The Internet House of Representatives

Brian Barnett

We should create an Internet House of Representatives, where your representative is chosen based on your political beliefs rather than based on where you live. A representative democracy is a good system because of the sheer size and complexity of our federal government. The men and women in Congress dedicate their time to synthesizing the advice of experts, the desires of constituents, and the influence of interest groups to make informed decisions and choices for our government. The average citizen does not have time to learn or deal with the intricacies of our bureaucratic systems. Yes, their voices should be as well represented as possible, especially in situations where a vote can easily determine a policy outcome, but they do not necessarily have the time and resources to make every political decision.

A representative democracy therefore makes sense when the general population is not interested in writing the content of laws for issues in which they have no education. The Internet provides us all with the opportunity to become educated across many fields, but we do not (yet) have the technology that minimizes the inordinate amount of time that this requires. When we think about the ways in which the Internet affects the government, a logical application would be the creation of a direct democracy. Everyone with an Internet connection could vote on all of our laws and the simple majority would win. This scenario raises the above issue of whether people have the time and knowledge to accomplish this feat effectively. I would argue that a representative democracy still makes sense in the Digital Age, but we can leverage the benefits of the Internet within this framework when it comes to how well the people we elect to Congress represent our interests.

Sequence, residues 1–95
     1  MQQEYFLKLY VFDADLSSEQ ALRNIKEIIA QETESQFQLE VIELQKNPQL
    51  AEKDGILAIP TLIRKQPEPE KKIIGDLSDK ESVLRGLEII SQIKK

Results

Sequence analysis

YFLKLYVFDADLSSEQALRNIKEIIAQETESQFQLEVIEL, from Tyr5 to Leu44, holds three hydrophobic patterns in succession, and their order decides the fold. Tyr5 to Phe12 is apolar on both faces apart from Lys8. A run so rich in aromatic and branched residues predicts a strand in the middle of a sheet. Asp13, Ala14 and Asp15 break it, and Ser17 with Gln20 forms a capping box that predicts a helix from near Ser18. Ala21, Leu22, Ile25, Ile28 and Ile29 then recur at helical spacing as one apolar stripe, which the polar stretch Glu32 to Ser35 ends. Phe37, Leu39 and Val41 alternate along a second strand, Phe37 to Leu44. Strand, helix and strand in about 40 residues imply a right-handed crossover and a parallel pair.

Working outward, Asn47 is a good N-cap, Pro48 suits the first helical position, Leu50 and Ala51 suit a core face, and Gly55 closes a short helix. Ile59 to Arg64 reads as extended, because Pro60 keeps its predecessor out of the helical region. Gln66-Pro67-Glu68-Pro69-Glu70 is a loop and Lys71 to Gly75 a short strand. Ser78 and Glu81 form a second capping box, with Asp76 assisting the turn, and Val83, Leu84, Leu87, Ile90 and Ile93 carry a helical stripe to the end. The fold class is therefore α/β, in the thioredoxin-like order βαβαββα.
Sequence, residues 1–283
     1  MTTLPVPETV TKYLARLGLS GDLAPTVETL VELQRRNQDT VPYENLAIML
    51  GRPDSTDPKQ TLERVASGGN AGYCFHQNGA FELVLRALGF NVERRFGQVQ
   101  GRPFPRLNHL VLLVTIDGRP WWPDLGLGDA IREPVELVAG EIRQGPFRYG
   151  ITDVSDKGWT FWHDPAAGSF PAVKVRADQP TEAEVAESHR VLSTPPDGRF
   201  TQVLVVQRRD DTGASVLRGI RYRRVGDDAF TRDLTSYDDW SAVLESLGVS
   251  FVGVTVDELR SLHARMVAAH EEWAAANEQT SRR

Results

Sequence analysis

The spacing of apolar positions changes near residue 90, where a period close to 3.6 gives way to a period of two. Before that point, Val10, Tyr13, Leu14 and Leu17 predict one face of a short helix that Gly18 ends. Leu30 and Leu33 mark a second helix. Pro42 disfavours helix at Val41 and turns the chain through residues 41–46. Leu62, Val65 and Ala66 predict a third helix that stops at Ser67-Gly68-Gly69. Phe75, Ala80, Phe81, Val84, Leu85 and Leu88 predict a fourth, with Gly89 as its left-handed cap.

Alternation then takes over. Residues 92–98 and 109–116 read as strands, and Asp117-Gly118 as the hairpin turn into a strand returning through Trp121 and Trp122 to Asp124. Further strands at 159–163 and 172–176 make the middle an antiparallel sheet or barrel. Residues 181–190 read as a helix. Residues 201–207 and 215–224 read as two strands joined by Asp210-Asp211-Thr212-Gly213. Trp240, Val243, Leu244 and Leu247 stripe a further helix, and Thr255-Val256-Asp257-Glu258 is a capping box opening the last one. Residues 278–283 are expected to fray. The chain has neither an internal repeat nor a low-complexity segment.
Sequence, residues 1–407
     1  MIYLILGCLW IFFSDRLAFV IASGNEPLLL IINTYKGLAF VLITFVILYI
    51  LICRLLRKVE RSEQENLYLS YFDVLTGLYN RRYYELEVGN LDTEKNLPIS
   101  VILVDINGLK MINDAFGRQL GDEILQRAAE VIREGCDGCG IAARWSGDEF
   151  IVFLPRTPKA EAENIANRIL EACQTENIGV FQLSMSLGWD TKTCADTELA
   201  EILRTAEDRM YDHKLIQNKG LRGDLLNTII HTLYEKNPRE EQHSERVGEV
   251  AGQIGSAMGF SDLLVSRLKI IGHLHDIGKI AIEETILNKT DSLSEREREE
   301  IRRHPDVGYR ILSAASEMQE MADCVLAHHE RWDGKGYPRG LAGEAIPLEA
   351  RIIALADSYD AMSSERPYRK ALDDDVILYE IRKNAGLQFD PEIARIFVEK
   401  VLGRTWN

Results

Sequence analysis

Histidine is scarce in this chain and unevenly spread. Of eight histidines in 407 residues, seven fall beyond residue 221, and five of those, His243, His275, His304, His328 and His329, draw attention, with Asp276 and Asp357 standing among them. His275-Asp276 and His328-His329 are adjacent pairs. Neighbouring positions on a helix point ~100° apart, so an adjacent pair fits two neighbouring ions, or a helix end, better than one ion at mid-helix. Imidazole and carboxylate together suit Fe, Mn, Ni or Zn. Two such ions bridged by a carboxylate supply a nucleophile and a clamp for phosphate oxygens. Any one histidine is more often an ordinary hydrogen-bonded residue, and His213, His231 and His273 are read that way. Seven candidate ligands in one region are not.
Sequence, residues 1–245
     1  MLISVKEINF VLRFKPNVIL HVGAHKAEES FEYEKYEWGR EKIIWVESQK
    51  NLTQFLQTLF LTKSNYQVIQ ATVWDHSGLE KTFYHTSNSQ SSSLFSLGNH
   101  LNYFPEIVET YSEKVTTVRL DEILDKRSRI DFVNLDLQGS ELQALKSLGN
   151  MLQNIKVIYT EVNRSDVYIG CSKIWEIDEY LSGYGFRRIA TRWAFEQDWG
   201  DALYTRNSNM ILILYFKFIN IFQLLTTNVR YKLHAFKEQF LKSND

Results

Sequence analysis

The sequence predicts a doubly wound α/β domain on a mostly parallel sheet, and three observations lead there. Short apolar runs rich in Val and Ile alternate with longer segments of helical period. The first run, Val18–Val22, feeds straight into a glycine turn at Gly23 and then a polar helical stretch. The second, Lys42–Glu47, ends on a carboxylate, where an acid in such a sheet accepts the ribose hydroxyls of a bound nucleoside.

Why are our representatives divided based on state lines and districts? If I am a conservative voter living in San Francisco or I am a liberal voter living in Oklahoma, my voice will be washed out by the opposite majorities in my district. Does this mean I am really being represented if my representative votes in diametric opposition to my political beliefs? What about in a moderate district where the voters are split 50/50 but my candidate just barely lost? Is my voice again stifled if the winner of the election is not in line with my political beliefs? Should I have to move to a district that is more in line with my beliefs? The average margin of victory for a representative across the US is 33%. This shows that 66% of the population has a representative that they voted for (regardless of how well this person will actually represent them), but 33% of the nation does not have a representative who even comes close to matching their political beliefs. The Internet allows me to communicate and become very close to other people around the country. Why can’t I form a voting bloc with similarly minded men and women in Seattle, Reno, Nashville, and Cleveland to have an impact on the federal legislative branch?

This Internet House of Representatives could be made up of 300 women and men (one representative per roughly one million people), elected every 2 years, who each represent a constituency made up of a population spread out among the US. Their offices, lines of communication, reports, and bills could all be located on the Internet so everyone can evaluate candidates and vote for the person who best represents their interests. The details of how you vote for these representatives and the reassignment of federal-state interactions in the Senate or elsewhere are important as well, but do not need to be hashed out here to make the point. In today’s world, where the Internet is the nervous system that connects us all together, our national policies and laws should be written by representatives whose path to Congress is based on the usage of this nation-bridging technology.

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